Friction: Lessons From The Dot.com Days

Fuel prices are up, food prices are up: pretty much everything except for a Costco hot dog costs more these days. So thrift is on our minds – the Northwest Edible Life Facebook page recently posed a question: with food prices on the rise, what are people doing to try and keep budgets under control? [Continue Reading...]

Taking Control in the Garden

Apparently we’ve been thinking about control a lot the last few weeks over here. Erica’s post about my employer’s likely buyout talked about what can prepare for and her reflection on gardening and kids discussed those things we just don’t have control over. Last Wednesday, after a day that felt completely out of control, something reminded me [Continue Reading...]

Happy In The Garden

A few years ago, when I was just starting my second career, I was working two jobs downtown. Killing time between gigs, my peripatetic wanderings took me into Barnes and Noble. There I spotted an interesting book, Michel Richard’s Happy in the Kitchen. Though the culinary technique was as far over my head as loop [Continue Reading...]

In Praise Of Old Standby

Today I will put on my curmudgeonly engineer hat. This is the same hat I like to wear when I tell the story about how, back in 1992, my response to the World Wide Web was “what’s the big deal?” (it is worth noting that there were then three web servers in the world so [Continue Reading...]

They Put What In My Beer?

We tend to think of the problems of our age as new problems. Take, for example, food adulteration. When you hear about children dying from melamine-tainted infant formula it’s easy to conclude that the food supply is starting to go to hell in a hand-basket. Without minimizing the seriousness of modern food supply adulteration, I’d suggest [Continue Reading...]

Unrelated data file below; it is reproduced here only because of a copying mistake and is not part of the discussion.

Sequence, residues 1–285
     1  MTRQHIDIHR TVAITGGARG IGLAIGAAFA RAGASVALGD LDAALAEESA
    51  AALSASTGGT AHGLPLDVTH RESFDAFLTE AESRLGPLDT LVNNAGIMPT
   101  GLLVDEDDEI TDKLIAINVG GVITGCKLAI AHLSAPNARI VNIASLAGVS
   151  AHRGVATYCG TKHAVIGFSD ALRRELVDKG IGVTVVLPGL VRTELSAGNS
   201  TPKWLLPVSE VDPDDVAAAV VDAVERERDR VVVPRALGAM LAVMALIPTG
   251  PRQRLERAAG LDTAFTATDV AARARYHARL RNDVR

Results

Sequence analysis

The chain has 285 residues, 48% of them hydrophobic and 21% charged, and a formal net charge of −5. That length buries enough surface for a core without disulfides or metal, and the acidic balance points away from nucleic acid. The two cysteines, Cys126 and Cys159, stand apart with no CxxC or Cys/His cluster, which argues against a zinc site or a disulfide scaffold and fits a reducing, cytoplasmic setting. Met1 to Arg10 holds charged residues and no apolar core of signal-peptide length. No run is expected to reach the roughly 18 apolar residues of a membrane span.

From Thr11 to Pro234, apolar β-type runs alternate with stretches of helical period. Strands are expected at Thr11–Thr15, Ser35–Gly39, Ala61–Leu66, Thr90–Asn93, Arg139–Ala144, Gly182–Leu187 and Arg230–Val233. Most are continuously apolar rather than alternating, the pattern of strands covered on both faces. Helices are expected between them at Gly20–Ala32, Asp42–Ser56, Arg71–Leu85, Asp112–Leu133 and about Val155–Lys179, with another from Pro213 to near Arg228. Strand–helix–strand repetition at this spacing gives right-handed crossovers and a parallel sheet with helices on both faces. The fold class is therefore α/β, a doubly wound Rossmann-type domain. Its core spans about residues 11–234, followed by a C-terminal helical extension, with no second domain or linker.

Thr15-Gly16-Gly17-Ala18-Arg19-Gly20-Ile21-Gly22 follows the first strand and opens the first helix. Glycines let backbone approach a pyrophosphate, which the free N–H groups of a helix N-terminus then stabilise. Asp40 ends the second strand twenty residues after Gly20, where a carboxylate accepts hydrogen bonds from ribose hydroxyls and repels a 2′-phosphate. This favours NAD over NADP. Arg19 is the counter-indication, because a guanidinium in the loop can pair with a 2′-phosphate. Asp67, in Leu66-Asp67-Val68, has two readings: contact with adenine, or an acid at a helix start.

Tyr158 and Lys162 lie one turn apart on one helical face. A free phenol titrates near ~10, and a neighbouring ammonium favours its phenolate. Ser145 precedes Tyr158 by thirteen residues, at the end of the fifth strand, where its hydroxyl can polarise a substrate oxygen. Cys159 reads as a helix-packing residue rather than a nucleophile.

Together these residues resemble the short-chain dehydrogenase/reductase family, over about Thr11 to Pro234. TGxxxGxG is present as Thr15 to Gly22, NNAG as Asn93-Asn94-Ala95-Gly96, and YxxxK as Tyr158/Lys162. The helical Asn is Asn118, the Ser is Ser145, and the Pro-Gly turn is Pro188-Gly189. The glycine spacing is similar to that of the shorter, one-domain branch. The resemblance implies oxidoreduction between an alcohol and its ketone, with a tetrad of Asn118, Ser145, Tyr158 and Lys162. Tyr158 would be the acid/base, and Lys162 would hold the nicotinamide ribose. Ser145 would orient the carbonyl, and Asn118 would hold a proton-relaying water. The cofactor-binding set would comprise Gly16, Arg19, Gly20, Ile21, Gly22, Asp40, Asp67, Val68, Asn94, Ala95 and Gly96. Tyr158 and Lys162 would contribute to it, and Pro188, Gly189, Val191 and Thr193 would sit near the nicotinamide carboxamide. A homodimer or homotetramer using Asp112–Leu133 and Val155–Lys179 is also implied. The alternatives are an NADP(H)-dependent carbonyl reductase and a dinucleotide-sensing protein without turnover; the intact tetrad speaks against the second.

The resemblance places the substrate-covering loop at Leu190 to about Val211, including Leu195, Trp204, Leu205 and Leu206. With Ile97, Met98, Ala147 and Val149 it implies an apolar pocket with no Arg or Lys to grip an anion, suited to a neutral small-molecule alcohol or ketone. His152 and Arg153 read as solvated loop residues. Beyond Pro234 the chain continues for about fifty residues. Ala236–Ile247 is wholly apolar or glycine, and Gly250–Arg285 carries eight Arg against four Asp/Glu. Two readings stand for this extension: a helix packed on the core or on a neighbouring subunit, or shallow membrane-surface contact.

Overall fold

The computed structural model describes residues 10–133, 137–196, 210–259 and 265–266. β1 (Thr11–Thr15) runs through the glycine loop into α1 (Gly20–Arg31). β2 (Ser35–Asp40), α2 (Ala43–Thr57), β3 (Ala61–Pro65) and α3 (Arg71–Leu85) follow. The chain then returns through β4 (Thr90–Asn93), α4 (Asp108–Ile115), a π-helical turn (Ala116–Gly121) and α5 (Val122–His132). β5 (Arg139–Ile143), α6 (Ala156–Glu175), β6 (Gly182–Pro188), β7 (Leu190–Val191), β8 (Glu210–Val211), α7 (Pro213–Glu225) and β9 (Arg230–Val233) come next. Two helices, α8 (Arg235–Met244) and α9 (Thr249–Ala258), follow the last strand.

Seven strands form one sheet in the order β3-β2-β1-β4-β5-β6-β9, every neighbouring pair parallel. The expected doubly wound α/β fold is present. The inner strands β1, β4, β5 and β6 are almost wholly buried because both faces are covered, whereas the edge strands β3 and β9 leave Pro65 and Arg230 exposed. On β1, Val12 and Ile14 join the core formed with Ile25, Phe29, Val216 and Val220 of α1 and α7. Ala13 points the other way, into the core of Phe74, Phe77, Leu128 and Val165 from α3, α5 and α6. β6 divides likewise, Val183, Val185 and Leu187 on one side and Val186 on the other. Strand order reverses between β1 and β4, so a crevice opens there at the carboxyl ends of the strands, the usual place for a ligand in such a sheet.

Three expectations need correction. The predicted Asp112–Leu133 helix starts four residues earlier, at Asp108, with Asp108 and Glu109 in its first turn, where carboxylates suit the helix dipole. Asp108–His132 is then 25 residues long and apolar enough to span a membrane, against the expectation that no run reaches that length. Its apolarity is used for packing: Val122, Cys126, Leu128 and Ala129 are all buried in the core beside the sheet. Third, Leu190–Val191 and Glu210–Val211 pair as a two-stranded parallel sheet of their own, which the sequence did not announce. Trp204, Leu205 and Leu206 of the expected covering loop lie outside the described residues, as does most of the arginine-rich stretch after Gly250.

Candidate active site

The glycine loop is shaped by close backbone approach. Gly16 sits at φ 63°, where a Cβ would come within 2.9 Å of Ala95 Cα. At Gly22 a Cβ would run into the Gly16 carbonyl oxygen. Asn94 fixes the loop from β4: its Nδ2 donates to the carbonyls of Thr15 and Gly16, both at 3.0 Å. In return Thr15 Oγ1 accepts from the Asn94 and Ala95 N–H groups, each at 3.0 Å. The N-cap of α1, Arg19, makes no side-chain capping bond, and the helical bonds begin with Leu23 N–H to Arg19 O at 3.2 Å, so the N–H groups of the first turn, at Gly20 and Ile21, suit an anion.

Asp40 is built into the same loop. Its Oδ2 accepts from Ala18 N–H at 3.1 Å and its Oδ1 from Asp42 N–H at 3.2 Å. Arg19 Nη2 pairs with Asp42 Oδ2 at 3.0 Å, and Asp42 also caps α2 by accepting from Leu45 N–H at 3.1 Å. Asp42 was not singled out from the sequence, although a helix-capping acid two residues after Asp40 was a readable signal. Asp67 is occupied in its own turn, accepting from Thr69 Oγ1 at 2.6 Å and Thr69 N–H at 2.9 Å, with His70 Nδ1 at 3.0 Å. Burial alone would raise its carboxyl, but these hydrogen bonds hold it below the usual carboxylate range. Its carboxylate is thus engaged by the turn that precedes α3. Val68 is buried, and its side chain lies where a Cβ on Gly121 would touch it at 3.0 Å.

Homebrew Husband Hacks

Back when I was in college, I worked for a while with the support team for a big physics lab. The guys I worked with were a bunch of old Navy and Air Force radar technicians, so when the microwave in the lunch room stopped working, they didn’t go out and buy a new one. [Continue Reading...]

Raised Beds and False Economies

False economy is when you think you are saving money but you aren’t. One of the classic false economies is when you buy a lot of something (say, broccoli at Costco) for a very low per-unit price but then due to spoilage end up throwing away half of what you buy. The effective per-unit cost [Continue Reading...]

An Open Letter To The Dervaes

By Nick Strauss (Northwest Edible’s Homebrew Husband)Originally posted at The Noodlebook Well it is a mighty fine mess you have created. Yes, Dervaes family, urbanhomestead.org, you have really managed to do something profound to the community you helped create. You have chosen to trademark a whole host of terms, ostensibly seeking to protect them from [Continue Reading...]

Working Off The Farm

Every day, I take the train to work (well, most days, when I don’t have a late meeting). Work, for me, involves the 7th floor of a mid-rise office building in the middle of a mid-sized corporate park that happens to be the headquarters of a mid-sized cellular telephone company. I work at a desk, [Continue Reading...]

When Is A Hobby Not Just A Hobby?

Hi, I’m the Homebrew Husband, Nick. I’ve had the good fortune to be married to Erica for coming up on ten years now, and to be her partner in this pathway towards urban homesteading and all that means for our family. She’s been kind enough to encourage me to share some of my own thoughts [Continue Reading...]